To the point: Reviews in medical education-taking control of the hidden curriculum
Department of Obstetrics and Gynecology, University of North Carolina-Chapel Hill, Chapel Hill, NC, USA. American journal of obstetrics and gynecology
(Impact Factor: 4.7).
10/2010; 203(4):316.e1-6. DOI: 10.1016/j.ajog.2010.04.035
This article, the ninth in the "To the Point" series that is prepared by the Association of Professors of Gynecology and Obstetrics Undergraduate Medical Education Committee, discusses the role of the "hidden curriculum" in shaping the professional identity of doctors in training. The characteristics that distinguish the formal curriculum and hidden curriculum are defined. Specific examples of hidden curricula in clinical environments and the positive and negative impacts that may result are highlighted. Techniques to evaluate clinical training environments and to identify the hidden curriculum are provided and are followed by methods to promote its positive messages and lessen its negative ones.
Available from: Nicole K Roberts
- "Further, unprofessional behavior is perpetuated when learners and colleagues observe faculty behaving poorly (Gino et al. 2009). The learning environment is also adversely affected by unprofessional behavior through faculty's failure to model and therefore to teach aspects of professionalism or by undermining the stated goals of the curriculum (Ephgrave et al. 2006; Chuang et al. 2010; Byszewski et al. 2012). "
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ABSTRACT: Abstract Background: Unprofessional behavior has well documented negative effects both on the clinical care environment and on the learning environment. If unprofessional behavior varies by department or specialty, this has implications both for faculty development and for undergraduate and graduate level training. Aims: We sought to learn which unprofessional behaviors were endemic in our school, and which were unique to particular departments. Methods: Students graduating from medical school between 2007 and 2012 were asked to complete a questionnaire naming the most professional and least professional faculty members they encountered in during school. For the least professional faculty members, they were also asked to provide information about the unprofessional behavior. Results: Students noted several types of unprofessional behavior regardless of the department faculty were in; however, there were some behaviors only noted in individual departments. The unprofessional behavior profiles for Surgery and Obstetrics/Gynecology were markedly similar, and were substantially different from all other specialties. Conclusion: Undergraduate, graduate, and faculty education focused on unprofessional behavior that may occur in various learning environments may provide a feasible, practical, and an effective approach to creating a culture of professional behavior throughout the organization.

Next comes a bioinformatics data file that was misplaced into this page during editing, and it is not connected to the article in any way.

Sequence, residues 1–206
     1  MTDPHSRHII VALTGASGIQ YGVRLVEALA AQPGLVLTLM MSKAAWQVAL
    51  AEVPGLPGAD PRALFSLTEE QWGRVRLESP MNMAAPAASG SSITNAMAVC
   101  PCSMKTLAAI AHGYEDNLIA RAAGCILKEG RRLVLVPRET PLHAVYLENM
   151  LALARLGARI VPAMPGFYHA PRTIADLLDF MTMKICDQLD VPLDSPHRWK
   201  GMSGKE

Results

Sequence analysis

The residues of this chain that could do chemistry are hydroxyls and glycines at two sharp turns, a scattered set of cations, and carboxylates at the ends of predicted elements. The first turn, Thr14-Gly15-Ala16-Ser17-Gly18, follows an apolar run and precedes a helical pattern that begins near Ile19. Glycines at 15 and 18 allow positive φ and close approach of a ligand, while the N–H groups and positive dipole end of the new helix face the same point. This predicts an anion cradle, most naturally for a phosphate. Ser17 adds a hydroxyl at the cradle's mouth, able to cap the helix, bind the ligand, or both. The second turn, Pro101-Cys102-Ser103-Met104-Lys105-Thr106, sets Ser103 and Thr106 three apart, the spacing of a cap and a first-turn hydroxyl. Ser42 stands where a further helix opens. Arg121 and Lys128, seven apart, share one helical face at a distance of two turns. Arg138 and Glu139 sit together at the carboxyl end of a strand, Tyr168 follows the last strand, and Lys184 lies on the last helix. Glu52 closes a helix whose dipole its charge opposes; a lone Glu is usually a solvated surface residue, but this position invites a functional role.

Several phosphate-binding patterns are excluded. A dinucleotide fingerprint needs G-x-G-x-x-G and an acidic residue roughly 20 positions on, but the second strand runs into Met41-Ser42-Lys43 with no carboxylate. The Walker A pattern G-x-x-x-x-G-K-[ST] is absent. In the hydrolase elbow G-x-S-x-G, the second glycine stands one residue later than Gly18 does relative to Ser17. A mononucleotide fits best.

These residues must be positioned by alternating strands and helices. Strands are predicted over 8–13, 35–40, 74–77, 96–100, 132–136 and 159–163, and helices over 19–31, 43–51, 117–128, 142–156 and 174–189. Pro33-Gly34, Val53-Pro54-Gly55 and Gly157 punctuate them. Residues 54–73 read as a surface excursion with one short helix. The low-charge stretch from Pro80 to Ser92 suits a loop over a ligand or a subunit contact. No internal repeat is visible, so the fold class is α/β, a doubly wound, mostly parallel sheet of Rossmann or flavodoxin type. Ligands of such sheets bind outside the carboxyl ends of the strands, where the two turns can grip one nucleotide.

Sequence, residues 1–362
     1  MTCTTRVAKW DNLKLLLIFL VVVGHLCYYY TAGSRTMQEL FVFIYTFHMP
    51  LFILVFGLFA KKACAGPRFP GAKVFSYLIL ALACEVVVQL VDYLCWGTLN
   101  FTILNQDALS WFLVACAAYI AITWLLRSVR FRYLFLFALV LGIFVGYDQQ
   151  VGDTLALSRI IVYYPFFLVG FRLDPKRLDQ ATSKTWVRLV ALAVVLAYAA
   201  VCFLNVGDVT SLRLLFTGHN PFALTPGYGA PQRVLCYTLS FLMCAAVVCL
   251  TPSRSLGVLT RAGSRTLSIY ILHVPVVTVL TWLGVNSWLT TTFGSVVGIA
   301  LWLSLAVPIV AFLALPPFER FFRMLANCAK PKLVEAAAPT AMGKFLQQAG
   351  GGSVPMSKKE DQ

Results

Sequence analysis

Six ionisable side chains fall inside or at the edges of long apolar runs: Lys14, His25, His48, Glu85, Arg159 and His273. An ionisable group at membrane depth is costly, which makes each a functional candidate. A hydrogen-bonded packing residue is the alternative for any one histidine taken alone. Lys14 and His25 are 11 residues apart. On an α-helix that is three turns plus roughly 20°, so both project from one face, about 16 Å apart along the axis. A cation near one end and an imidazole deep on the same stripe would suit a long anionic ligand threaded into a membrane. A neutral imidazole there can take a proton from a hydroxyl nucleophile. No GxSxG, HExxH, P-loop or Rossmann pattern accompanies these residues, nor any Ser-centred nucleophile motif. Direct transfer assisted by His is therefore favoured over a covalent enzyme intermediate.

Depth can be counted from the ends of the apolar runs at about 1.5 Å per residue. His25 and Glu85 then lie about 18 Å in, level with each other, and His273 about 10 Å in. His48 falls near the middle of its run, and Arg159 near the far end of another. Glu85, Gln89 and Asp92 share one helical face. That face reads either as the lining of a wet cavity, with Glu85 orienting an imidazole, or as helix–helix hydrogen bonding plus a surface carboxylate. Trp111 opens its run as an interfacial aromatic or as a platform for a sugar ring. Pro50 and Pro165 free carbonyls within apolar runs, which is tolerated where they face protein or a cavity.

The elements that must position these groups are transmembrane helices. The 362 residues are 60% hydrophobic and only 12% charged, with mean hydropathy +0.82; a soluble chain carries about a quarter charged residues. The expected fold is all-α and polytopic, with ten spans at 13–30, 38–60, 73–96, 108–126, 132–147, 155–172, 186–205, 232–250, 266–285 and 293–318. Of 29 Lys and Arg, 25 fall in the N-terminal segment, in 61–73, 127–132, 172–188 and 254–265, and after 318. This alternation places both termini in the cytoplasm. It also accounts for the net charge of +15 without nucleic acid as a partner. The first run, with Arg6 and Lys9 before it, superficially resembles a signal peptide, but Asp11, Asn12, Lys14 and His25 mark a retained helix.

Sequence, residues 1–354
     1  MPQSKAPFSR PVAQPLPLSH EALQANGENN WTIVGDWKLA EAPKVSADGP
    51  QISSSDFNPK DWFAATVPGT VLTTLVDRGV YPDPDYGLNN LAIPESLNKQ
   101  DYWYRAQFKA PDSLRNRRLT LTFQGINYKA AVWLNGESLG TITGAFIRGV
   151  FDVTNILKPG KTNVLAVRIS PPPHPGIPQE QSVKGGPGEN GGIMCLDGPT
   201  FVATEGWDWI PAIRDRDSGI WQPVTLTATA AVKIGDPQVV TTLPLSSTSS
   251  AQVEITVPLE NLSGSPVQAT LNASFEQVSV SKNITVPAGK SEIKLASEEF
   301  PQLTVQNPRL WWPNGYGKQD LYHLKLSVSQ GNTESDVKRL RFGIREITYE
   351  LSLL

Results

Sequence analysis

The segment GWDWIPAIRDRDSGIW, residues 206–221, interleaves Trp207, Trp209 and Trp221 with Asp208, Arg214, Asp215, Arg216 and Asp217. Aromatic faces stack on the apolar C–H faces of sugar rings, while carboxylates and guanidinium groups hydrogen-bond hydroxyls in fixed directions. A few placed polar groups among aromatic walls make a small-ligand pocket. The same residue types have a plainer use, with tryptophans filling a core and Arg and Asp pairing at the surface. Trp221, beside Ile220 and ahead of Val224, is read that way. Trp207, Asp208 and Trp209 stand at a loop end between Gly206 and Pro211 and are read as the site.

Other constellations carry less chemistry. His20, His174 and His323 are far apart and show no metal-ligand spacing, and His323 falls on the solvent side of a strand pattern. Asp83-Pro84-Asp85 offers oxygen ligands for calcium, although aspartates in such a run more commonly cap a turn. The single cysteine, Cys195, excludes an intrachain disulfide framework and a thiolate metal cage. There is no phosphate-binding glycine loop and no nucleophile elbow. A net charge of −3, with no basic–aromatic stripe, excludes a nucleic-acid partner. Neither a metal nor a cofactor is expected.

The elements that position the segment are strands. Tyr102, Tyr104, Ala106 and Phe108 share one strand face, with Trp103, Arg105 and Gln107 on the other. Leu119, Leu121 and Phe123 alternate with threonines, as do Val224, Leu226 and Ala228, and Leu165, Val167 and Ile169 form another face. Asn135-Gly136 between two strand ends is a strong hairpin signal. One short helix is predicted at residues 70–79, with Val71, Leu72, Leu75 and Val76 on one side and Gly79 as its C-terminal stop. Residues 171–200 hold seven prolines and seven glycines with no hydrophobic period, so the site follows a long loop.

Available from: Reg Dennick
- "Students need to learn what it truly means to be a doctor and medical education leaders must be aware of the issues in the hidden curriculum influencing this process.17,18 It has been suggested that it may be necessary to attempt to change the hidden curriculum if negative aspects are identified.19,20 Faculty development is often included as a key component of this process of change that represents an attempt to influence staff to model more ‘appropriate’ behaviours.21 "
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ABSTRACT: CONTEXT Major influences on learning about medical professionalism come from the hidden curriculum. These influences can contribute positively or negatively towards the professional enculturation of clinical students. The fact that there is no validated method for identifying the components of the hidden curriculum poses problems for educators considering professionalism. The aim of this study was to analyse whether a cultural web, adapted from a business context, might assist in the identification of elements of the hidden curriculum at a UK veterinary school.
METHODS A qualitative approach was used. Seven focus groups consisting of three staff groups and four student groups were organised. Questioning was framed using the cultural web, which is a model used by business owners to assess their environment and consider how it affects their employees and customers. The focus group discussions were recorded, transcribed and analysed thematically using a combination of a priori and emergent themes.
RESULTS The cultural web identified elements of the hidden curriculum for both students and staff. These included: core assumptions; routines; rituals; control systems; organisational factors; power structures, and symbols. Discussions occurred about how and where these issues may affect students’ professional identity development.
CONCLUSIONS The cultural web framework functioned well to help participants identify elements of the hidden curriculum. These aspects aligned broadly with previously described factors such as role models and institutional slang. The influence of these issues on a student’s development of a professional identity requires discussion amongst faculty staff, and could be used to develop learning opportunities for students. The framework is promising for the analysis of the hidden curriculum and could be developed as an instrument for implementation in other clinical teaching environments.
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